Media Release: Launch of the reports on media coverage of the 2021 Local Government Elections

Share on facebook
Share on Facebook
Share on twitter
Share on Twitter
Share on linkedin
Share on Linkdin
Share on pinterest
Share on Pinterest

Media Release 

21 February 2022

JOHANNESBURG, 21 February 2022 – Media Monitoring Africa (MMA) is pleased to launch the reports on media’s coverage of the 2021 local government elections.

As with every election since the first democratic election of 1994, MMA has monitored how the South African media has reported the event. The monitoring has been done to ascertain trends in media coverage and check who the agenda setters are.

In 2021, MMA monitored and analysed content from 39 print, online and broadcast media. A total of 3, 748 items were monitored using an in-house online monitoring tool called Dexter. This tool collected content from the selected media websites and stored the data in a searchable database for manual monitoring. Content from broadcast media was manually inputted into the tool by specially trained and experienced media monitors. News and news-related items in English, Zulu, Tswana, Tsonga, Vhenda etc were monitored. Findings from the monitoring exercise were analysed into two separate reports – one analysed content from various SABC channels and the other analysed content from all other media.

The reports being launched include findings on quantity and quality of media coverage of the elections. Aspects such as which issues were given priority by the media, which sources spoke the most and whether the voice of citizens was sufficiently audible were checked when monitoring. Further, MMA looked at whether there were instances of bias in media coverage as well as how the 325 contesting political parties were represented. The 2021 finding were compared to the findings of the media coverage of the 2016 local government elections.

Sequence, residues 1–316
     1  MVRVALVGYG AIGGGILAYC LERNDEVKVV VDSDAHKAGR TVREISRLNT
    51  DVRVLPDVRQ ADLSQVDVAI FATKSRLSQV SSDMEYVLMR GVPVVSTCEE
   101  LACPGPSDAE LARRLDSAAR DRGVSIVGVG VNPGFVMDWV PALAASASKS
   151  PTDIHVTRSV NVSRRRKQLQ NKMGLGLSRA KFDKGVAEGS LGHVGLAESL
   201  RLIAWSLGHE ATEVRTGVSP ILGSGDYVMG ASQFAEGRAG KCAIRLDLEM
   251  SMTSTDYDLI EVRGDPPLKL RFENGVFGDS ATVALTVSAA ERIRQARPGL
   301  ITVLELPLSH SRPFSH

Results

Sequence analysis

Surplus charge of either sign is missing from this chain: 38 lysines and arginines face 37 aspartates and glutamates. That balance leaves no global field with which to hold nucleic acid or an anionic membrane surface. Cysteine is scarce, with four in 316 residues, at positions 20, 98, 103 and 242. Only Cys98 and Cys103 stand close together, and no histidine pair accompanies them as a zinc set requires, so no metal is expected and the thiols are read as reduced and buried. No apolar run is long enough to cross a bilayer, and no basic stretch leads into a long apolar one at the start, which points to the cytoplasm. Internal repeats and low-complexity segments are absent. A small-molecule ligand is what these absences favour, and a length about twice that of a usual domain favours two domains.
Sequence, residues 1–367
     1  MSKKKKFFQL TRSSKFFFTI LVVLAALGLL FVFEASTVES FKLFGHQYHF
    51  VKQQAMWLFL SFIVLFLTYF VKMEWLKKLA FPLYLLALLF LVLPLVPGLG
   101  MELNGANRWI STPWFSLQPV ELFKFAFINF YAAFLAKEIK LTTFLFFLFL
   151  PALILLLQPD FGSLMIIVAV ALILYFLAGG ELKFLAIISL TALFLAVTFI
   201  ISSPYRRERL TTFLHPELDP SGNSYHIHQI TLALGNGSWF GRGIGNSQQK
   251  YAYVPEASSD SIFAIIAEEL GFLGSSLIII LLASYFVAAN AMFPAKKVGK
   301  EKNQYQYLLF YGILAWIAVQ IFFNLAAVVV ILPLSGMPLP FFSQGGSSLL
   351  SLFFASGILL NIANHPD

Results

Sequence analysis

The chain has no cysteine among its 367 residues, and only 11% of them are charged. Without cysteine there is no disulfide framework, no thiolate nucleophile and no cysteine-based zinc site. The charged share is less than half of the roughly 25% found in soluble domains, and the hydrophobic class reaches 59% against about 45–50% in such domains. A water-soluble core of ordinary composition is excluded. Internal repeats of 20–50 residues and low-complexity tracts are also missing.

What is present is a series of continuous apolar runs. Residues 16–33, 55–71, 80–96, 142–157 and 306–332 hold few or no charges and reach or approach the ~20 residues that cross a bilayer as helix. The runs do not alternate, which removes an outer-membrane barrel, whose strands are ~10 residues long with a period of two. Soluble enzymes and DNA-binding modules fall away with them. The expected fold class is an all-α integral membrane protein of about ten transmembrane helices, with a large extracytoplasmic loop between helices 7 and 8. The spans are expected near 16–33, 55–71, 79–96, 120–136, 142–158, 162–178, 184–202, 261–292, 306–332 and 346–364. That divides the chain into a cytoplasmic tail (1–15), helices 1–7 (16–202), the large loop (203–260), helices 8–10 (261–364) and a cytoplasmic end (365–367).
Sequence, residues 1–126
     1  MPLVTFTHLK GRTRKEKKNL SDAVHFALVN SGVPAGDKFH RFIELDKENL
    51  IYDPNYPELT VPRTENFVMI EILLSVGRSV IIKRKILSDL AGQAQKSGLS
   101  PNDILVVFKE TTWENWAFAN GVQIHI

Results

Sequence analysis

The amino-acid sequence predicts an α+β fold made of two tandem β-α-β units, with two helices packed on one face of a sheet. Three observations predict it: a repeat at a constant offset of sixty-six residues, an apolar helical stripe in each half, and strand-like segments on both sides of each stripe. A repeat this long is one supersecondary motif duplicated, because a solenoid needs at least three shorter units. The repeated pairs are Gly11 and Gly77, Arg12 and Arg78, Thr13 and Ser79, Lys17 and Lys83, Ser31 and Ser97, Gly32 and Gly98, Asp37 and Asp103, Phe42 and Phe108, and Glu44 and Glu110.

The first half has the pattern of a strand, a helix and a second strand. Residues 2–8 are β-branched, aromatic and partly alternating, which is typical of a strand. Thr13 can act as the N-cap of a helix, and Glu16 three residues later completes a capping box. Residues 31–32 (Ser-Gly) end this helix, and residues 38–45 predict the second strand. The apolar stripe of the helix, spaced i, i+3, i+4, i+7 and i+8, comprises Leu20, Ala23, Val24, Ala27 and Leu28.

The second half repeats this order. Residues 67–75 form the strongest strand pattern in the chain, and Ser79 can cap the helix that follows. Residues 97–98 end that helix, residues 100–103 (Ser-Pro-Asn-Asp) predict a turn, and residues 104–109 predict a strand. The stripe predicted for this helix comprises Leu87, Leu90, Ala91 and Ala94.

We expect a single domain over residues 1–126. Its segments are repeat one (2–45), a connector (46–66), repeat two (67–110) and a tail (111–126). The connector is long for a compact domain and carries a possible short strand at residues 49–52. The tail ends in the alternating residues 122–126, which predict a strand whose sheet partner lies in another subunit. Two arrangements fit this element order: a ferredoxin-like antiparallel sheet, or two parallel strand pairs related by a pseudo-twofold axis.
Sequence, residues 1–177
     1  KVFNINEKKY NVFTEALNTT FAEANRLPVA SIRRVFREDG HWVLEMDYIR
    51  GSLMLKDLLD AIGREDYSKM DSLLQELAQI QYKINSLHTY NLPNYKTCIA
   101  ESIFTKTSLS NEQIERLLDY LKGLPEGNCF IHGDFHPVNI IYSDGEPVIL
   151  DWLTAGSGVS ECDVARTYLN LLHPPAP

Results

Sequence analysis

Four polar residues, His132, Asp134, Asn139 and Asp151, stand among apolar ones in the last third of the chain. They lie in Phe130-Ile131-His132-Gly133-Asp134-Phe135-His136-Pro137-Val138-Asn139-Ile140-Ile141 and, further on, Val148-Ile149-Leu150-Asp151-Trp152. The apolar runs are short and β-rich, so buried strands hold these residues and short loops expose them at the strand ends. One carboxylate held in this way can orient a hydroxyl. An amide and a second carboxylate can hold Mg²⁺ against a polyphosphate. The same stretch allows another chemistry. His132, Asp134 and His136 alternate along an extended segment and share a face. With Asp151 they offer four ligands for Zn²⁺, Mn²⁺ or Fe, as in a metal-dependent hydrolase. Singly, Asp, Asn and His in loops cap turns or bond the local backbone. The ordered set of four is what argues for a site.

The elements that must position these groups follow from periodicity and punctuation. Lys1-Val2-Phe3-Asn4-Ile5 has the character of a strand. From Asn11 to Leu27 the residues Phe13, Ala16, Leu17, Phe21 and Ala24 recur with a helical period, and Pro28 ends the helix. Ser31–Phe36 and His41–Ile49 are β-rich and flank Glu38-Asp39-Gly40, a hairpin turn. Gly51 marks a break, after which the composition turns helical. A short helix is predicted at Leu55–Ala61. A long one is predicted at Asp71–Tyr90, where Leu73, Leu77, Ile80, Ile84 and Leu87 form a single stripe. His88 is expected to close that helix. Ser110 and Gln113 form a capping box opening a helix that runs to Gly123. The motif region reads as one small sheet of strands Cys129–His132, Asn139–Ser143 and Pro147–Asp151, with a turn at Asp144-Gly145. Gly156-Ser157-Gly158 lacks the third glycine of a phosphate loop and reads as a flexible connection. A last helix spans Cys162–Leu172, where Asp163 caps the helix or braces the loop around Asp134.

In 2016, monitoring findings revealed that the ANC and the DA were the two most represented political parties at 43.5% and 24% respectively. Further, citizens only spoke in 5% of stories on that year’s local government elections and instances of bias were found in 12% of stories. Have these trends continued or did the media adopt the recommendations put forward by MMA in 2016 on how coverage of the local government elections can be improved?

For further information, please contact:

Lister Namumba, Media Monitoring Africa, Tel: 011 7881278, listerr@mma.org.za

For more information about Media Monitoring Africa and its work visit  www.mediamonitoringafrica.org,

About reports on media’s coverage of the 2021 local government elections:

About MMA

Media Monitoring Africa‘s vision is a responsible, quality media that enables an engaged and informed citizenry in Africa and across the world. MMA aims to promote the development of a free, fair, ethical and critical media culture in South Africa and the rest of the continent. To achieve MMA’s vision, the three key areas that MMA seeks to address through a human rights-based approach are: media ethics, media quality and media freedom.

For more information about MMA and its work for children visit www.mediamonitoringafrica.org
Follow MMA on TwitterFacebook and YouTube 

 

Like this article?

Share on facebook
Share on Facebook
Share on twitter
Share on Twitter
Share on linkedin
Share on Linkdin
Share on pinterest
Share on Pinterest

Leave a comment

Copyright © 2022 Media Monitoring Africa